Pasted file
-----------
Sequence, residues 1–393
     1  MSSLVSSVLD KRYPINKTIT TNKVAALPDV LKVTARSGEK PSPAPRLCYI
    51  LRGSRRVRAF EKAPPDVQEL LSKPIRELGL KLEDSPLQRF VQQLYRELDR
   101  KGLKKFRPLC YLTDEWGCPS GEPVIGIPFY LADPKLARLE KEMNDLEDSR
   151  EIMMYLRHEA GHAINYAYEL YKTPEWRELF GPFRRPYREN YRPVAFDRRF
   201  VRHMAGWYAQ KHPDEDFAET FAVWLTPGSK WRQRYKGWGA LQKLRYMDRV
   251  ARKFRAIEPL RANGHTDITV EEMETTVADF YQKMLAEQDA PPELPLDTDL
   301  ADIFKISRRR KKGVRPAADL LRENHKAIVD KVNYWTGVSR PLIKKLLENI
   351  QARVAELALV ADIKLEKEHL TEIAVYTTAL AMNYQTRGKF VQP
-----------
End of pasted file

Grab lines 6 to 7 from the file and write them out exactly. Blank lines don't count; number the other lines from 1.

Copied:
   201  VRHMAGWYAQ KHPDEDFAET FAVWLTPGSK WRQRYKGWGA LQKLRYMDRV
   251  ARKFRAIEPL RANGHTDITV EEMETTVADF YQKMLAEQDA PPELPLDTDL